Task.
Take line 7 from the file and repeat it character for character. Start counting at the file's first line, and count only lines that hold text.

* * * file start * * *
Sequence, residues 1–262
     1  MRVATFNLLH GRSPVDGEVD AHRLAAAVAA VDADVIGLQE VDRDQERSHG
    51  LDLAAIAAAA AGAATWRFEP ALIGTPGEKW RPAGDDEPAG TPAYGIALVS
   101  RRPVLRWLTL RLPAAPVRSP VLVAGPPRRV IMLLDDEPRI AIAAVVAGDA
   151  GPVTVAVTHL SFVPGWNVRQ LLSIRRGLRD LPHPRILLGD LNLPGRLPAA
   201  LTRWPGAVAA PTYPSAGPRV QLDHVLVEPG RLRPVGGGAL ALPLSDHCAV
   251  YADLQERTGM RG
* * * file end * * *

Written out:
   251  YADLQERTGM RG